Angle: Arts are a crucial part of any neighborhood or community. PipJazz provides a way for children to be recognized and to gain appreciation for jazz, which will in turn aid in maintaining this timeless art in the future.

Define your media outlets. Make sure they are reachable and feasible. Do your research and choose wisely so you may attract the greatest portion of your target audience.

Media Outlets
• KNOW FM 91.1, public radio for twin cities
• KBEM FM 88.5, A jazz station
• Vita.mn- twin cities arts guide magazine

Finally, write the pitch. Keep it brief, keep it light and easy to read. Most will simply sift through your pitch and if it looks complicated or complex they'll merely skip it. Make it look enticing, use a good leading statement.

Pitch

Vita.mn
Assistant Editor, Jay Boller
jay@vita.mn

PipJazz, a jazz collaborative concert company, is beginning a "Drive 2 Stay Alive" fundraiser. It is crucial we get word out to help keep the programs this company provides thriving.
• The PipJazz Sundays concert series presents kid talents in the area of jazz to the community.
• Jazz is a timeless art culture that should not go extinct.
• The children of the Twin Cities community are the future of music and should be introduced to this vintage style of music.
• I suggest an in-depth on a particular child who benefited from this educational outreach initiative.
• The article should also include their "Drive 2 Stay Alive" in a manner that prompts viewers to donate to the cause.
• Pippi herself is a child prodigy that only developed her passion and talent because the jazz artists of her time took notice of her and her potential. Pippi would like to return that same favor to the children of the Twin Cities.

Pitches are important, because reporters don't always have ears and eyes everywhere. There might be things only you know about that others deserve to know about too. So, let them know, but do it properly. Pitch it.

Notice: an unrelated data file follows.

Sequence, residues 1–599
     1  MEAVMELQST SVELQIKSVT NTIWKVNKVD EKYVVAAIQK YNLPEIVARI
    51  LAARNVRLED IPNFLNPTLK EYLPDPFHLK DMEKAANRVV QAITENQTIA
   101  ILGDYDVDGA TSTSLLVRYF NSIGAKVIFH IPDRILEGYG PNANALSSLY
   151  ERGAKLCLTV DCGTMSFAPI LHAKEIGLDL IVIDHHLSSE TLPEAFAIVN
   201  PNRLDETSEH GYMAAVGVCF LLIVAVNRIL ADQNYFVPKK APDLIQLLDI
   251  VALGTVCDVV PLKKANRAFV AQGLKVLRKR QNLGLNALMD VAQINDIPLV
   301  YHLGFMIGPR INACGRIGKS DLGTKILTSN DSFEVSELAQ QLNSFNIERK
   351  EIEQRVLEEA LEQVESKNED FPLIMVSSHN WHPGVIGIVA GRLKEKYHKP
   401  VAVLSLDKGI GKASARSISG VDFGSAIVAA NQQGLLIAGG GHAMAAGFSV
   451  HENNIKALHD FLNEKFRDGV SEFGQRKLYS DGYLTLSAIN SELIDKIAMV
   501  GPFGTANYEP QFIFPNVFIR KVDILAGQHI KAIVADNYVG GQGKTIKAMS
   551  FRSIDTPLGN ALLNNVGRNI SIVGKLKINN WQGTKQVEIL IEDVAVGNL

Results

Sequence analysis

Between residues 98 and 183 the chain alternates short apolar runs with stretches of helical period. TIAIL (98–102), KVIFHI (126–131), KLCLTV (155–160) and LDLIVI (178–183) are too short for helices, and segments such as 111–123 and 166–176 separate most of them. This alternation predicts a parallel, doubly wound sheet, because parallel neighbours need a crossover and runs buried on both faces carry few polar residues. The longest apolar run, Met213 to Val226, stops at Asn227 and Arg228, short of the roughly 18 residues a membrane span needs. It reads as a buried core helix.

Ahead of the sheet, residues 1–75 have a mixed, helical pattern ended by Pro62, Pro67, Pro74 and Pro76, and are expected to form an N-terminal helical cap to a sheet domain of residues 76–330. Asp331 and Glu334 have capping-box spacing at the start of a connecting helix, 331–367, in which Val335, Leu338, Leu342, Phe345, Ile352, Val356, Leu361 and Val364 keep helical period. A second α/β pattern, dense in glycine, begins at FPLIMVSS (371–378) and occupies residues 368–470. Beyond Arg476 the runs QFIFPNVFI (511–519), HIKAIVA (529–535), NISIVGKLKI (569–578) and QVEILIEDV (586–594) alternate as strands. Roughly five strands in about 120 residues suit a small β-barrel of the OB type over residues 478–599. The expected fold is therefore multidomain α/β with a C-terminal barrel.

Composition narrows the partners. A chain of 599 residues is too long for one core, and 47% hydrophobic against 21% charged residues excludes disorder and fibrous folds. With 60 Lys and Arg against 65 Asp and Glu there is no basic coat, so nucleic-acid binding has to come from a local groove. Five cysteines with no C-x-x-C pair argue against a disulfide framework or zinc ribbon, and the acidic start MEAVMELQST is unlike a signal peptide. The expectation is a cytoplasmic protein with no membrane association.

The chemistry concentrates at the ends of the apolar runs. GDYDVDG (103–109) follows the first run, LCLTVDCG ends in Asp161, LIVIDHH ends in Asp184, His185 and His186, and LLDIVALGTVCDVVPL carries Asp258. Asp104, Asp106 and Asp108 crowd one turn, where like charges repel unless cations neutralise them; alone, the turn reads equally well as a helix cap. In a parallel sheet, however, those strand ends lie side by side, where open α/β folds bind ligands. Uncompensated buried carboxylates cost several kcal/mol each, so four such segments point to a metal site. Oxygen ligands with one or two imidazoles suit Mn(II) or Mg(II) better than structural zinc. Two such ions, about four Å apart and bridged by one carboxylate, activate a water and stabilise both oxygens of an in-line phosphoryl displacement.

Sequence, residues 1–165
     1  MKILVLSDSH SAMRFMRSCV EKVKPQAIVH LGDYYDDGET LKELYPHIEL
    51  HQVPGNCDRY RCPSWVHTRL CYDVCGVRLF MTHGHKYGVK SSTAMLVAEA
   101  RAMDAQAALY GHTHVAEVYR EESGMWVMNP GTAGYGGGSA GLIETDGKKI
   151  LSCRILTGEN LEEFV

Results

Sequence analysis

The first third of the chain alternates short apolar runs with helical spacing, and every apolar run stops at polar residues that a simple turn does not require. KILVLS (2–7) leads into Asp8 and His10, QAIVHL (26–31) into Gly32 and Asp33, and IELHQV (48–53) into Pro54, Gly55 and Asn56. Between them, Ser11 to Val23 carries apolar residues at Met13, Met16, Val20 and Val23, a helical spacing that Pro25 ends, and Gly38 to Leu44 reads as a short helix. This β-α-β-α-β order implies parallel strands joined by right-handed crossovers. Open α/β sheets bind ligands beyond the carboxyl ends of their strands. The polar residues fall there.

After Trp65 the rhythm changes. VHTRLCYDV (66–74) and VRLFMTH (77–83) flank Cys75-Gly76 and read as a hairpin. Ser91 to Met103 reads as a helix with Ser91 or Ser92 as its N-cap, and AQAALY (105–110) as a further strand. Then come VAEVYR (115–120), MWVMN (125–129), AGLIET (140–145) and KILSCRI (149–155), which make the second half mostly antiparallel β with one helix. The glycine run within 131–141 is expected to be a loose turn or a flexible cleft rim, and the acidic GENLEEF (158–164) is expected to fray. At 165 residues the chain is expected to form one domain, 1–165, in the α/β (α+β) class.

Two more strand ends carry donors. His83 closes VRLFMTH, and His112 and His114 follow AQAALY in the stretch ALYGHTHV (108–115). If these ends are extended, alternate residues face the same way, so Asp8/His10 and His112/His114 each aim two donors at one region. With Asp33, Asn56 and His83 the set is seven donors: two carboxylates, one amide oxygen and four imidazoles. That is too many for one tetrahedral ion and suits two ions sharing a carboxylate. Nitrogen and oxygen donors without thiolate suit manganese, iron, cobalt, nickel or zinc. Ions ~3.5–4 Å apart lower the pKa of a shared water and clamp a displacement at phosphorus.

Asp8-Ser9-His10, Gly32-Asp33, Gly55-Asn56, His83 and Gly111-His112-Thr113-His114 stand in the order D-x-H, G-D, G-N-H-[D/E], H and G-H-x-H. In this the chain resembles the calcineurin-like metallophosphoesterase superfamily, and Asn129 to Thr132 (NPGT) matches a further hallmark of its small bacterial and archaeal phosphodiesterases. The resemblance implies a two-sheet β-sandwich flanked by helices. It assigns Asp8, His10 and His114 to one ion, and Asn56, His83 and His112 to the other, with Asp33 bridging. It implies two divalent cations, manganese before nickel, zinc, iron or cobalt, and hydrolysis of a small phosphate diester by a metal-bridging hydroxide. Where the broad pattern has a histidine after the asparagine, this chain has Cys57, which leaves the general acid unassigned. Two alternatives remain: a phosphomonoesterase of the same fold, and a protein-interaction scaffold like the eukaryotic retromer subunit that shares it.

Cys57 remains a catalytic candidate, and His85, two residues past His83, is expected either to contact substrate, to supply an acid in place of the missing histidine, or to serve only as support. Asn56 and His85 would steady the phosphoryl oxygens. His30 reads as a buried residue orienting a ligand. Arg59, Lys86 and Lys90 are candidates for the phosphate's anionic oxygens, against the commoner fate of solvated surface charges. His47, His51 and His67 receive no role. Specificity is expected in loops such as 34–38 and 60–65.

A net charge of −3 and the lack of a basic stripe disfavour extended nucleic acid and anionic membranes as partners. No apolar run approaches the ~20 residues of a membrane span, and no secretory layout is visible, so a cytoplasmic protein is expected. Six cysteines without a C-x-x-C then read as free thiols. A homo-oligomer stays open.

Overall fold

iPhone Viewpoints

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In this day and age technology has become everything to us. We allow it to run our lives and get excited whenever the newest and latest gadget is available for purchase. This is why the unveiling of the iPhone 5D and 5S is newsworthy. The 5C is especially intriguing because it is the first time Apple has constructed a product with the intention of low costs to appeal to young and price-conscious consumers.

This is the direction The Washington Post took when they announced the new technology. Most of their comments were positive and they point by point listed the new attributes and capabilities of the two new phones. The article itself served as an advertisement promoting these new phones.

Read about it here:

Another newspaper, The Guardian, from the United Kingdom also decided to write about this latest Apple technology. This article is divided by different key qualities users of these phones might want to be updated, such as the camera, speed and battery life. Unlike The Washington Post, though, this British paper had mostly a negative view of the new phones. According to the article, the iPhone 5C is merely a recycled iPhone 5 covered in plastic.